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The ban on arrivals from India for the next two weeks is absolutely the right thing to do, despite claims of racism, questions about the ban’s legality and the impact on the rights of New Zealand citizens.
If anything, such measures should have been taken earlier.
Those figures, announced on Thursday, showing fresh infections from India at 16 out of 19 cases are shocking. From late January to Thursday, cases from India, at 117, easily outnumber the rest of the world, at 89.
Every live Covid-19 case increases the risk of the virus leaking through the borders and into the community.
Infectious travellers not only risk spreading Covid-19 among themselves but also to MIQ workers, including nurses, cleaners, meal deliverers, security staff and the armed forces.
The leaky border has been a peril with which this country has had to live, a calculated risk with inevitable incursions and potential disaster. As it is, there have been 14 border failures and Auckland has been locked down.
But the surge from India is simply too much and too risky. Another five of the six cases yesterday were from there. The rise in Covid-19 in India is massive, and the new, more contagious variants make it all the more dangerous.
It would appear travellers could be catching Covid on their way to the airport in India, in the airport then moving from there through Dubai.
Everyone was supposed to have a clear Covid test before departing, immediately raising suspicion about fake documentation. Authorities here are suggesting that this is not an issue.
The two-week ban is seen first as a stop-gap while other measures are investigated and perhaps instituted. This might include the likes of pre-departure quarantine, temperature checks before being allowed to board, further testing before leaving and in transit, and better infection control on route. MIQ processes, still weaker than in some parts of the world, could be improved.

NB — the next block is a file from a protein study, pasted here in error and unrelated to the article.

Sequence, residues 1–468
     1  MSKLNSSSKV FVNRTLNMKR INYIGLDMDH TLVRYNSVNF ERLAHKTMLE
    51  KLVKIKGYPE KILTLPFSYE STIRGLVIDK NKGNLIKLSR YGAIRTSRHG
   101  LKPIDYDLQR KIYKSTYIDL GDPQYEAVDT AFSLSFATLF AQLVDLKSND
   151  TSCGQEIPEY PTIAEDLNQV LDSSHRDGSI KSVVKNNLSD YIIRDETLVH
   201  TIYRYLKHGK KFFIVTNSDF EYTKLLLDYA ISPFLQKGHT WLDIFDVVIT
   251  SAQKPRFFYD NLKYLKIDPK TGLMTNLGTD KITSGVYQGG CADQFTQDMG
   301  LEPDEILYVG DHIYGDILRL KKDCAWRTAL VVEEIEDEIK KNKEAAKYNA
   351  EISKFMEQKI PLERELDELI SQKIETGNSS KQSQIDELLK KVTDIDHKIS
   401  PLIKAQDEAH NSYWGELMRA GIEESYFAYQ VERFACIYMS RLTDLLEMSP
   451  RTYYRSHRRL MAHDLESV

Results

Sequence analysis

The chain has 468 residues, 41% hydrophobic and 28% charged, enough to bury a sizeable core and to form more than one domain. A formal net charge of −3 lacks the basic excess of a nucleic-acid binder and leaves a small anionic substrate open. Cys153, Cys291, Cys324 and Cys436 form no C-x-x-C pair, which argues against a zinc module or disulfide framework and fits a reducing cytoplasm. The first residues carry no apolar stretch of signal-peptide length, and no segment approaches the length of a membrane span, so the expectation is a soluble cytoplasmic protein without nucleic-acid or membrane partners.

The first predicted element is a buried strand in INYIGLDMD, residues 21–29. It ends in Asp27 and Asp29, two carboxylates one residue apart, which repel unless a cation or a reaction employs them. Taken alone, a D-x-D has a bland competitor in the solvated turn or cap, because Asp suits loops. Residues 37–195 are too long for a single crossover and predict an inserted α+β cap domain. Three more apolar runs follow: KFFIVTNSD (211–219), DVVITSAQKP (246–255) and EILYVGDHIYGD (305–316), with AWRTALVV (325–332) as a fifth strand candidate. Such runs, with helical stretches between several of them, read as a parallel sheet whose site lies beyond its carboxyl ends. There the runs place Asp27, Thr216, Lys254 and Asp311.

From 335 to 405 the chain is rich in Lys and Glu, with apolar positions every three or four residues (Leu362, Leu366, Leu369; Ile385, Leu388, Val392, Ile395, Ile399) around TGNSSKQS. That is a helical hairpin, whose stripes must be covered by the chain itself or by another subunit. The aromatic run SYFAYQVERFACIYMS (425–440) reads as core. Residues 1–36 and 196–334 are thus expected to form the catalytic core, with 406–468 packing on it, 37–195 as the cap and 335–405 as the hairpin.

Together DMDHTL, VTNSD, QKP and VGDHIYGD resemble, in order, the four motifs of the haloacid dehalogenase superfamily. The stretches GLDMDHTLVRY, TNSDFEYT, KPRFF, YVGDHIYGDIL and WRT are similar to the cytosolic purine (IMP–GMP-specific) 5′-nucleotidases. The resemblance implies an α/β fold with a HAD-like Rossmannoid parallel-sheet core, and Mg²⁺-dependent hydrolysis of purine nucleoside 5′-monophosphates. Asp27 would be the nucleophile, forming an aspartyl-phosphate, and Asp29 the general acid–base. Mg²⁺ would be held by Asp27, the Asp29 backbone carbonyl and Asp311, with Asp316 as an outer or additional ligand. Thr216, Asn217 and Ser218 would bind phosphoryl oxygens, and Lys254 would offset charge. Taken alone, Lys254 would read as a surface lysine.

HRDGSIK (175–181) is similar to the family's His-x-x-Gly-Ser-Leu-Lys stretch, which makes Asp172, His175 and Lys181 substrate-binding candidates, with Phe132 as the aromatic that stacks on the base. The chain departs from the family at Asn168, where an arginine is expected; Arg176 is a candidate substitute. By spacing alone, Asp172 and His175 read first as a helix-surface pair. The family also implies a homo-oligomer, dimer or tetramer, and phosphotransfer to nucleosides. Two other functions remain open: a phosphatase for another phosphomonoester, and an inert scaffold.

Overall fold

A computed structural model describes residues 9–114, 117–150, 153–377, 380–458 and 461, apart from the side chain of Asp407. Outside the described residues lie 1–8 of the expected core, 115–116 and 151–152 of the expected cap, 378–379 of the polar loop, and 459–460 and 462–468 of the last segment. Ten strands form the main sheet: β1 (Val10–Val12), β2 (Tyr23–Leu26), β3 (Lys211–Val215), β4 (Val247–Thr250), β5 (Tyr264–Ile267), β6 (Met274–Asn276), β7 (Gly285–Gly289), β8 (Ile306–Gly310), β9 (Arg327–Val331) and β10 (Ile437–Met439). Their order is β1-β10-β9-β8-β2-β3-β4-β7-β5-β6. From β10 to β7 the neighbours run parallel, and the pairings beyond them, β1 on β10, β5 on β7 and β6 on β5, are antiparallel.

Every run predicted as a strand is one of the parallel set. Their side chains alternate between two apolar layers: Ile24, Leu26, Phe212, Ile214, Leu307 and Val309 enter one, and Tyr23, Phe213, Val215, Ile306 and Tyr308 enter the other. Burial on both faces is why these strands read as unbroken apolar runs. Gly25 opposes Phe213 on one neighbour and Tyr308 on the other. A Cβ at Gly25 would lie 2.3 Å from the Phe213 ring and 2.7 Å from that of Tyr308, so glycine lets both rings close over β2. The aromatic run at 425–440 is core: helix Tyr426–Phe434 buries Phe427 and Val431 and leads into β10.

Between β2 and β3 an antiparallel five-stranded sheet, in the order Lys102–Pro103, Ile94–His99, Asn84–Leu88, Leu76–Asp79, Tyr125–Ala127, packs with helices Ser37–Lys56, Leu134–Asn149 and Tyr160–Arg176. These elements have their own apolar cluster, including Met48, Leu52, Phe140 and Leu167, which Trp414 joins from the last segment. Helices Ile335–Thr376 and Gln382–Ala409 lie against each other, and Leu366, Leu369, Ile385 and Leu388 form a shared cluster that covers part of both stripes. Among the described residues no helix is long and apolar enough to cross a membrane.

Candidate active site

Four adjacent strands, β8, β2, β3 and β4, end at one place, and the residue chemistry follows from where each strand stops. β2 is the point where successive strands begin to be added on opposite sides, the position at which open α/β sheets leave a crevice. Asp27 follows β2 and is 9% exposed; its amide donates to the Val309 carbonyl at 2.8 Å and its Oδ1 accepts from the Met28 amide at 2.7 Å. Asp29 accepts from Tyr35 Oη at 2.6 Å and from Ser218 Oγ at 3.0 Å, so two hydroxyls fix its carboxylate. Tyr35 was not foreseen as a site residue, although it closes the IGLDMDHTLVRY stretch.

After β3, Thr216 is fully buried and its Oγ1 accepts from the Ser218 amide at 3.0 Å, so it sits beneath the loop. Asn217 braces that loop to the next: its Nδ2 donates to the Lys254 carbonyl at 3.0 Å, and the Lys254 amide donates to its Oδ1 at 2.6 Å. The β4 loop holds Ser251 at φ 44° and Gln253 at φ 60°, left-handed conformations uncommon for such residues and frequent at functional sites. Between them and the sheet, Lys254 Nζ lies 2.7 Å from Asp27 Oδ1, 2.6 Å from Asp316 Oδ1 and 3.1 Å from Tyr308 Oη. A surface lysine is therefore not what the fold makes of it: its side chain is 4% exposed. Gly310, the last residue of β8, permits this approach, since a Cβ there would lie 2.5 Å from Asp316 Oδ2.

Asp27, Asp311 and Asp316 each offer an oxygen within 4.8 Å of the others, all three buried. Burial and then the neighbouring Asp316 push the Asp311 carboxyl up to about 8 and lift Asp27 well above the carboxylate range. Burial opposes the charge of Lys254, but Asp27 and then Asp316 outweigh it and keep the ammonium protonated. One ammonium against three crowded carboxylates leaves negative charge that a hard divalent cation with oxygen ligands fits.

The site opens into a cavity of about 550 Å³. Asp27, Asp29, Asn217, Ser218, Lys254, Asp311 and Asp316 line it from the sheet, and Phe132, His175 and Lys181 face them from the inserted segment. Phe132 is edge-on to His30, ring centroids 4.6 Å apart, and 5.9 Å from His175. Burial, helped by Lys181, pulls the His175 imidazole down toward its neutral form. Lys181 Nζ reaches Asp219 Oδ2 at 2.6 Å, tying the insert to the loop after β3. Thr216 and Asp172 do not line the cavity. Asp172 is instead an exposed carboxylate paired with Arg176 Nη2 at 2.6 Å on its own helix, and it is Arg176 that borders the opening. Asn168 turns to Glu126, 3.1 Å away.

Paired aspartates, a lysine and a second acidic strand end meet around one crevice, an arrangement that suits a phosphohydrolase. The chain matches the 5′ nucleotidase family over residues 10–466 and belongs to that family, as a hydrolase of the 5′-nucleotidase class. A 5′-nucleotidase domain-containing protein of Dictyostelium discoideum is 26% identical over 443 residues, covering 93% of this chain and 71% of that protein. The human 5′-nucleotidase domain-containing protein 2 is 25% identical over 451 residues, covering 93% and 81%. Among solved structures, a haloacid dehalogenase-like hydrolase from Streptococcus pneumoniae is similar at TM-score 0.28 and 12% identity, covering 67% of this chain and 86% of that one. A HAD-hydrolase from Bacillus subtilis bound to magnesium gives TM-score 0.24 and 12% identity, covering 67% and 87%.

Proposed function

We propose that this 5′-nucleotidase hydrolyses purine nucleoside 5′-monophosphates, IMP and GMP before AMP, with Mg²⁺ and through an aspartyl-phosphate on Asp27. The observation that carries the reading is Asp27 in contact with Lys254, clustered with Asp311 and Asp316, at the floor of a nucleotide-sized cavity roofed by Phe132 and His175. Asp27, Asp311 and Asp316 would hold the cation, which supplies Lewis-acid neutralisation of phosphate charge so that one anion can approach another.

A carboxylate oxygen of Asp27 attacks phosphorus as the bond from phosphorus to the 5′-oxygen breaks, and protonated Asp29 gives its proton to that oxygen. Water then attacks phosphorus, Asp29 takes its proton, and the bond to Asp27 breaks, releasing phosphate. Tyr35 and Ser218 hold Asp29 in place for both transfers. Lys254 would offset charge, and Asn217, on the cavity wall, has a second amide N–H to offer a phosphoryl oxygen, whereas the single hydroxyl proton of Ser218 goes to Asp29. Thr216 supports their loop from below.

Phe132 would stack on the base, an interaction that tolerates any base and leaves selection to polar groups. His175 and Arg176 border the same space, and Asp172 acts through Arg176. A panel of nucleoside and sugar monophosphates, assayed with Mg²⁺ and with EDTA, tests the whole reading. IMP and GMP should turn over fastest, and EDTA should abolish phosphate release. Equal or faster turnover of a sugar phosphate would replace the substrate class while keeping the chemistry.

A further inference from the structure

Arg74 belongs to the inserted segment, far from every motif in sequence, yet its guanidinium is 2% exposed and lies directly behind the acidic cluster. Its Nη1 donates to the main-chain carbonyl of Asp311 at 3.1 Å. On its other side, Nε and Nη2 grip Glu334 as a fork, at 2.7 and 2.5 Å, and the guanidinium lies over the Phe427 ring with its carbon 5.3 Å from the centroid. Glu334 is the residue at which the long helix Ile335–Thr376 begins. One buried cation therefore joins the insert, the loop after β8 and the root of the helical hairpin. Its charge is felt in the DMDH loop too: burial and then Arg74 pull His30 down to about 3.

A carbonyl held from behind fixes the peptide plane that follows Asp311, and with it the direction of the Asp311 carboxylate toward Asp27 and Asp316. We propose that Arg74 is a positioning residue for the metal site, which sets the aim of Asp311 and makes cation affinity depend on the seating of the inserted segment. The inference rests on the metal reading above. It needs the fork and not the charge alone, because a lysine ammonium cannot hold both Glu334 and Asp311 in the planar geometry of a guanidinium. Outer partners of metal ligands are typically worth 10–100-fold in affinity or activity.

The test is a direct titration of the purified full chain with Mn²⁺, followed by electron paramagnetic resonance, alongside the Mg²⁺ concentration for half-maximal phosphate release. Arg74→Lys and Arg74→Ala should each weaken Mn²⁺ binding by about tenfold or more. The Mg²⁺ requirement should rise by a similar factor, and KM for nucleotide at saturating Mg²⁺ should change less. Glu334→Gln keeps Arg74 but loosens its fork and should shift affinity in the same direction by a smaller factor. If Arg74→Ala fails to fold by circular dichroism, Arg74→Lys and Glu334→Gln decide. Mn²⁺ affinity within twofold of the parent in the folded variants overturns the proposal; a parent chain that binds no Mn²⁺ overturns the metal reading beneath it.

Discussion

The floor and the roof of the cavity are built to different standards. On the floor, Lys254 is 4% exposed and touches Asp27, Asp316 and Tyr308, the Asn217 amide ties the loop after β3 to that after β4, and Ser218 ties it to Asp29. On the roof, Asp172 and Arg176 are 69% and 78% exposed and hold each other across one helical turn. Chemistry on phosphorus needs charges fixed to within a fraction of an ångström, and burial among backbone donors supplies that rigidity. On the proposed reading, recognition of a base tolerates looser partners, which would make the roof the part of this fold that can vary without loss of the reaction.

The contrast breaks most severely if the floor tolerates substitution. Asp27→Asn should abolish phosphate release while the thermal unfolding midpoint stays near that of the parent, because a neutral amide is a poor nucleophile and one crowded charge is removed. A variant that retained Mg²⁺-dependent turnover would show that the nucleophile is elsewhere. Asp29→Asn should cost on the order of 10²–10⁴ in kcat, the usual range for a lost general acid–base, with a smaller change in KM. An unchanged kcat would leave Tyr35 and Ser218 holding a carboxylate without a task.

Inevitably, sad tales of family and personal woe from India are already emerging. That collateral damage is most unfortunate but is the lesser evil.
The sceptre of racism was immediately raised, especially because Covid is widespread in the United States and the United Kingdom.
It is essential to crosscheck to guard against racism because it can be insidious and unconscious.
One suspects Prime Minister Jacinda Ardern and the Government would have been aware that that criticism was likely. They would have examined the figures against what has occurred from elsewhere and have a strong case before making the call.
It is likely that such high proportions of positive tests among arrivals from the US or UK would have prompted a similar ban.
Covid legislation gives the Minister of Health exceptional powers, probably enough to allow a step as large as this temporary ban on returning residents and citizens.
Again, as with the racism issue, it is worth asking the questions. Such debate is healthy.
For the sake of safety, for the greater good, a certain degree of temporary authoritarianism and the loss of individual human rights is acceptable. It must be demonstrably justified, and it should never be taken for granted.
We must stay firmly anchored near the top of the potentially slippery slope.
Again, it can be argued the Government is tardy, just as it was with mask use, pre-departure Covid tests, several MIQ safety measures and contact tracing.
University of Otago epidemiologists have been maintaining such an approach was needed long ago. The risks from large numbers of contagious people in MIQ was just too high.
But the latest move is better late than never. It is going to be many, many months before sufficient numbers of New Zealanders will have been vaccinated to have a degree of security.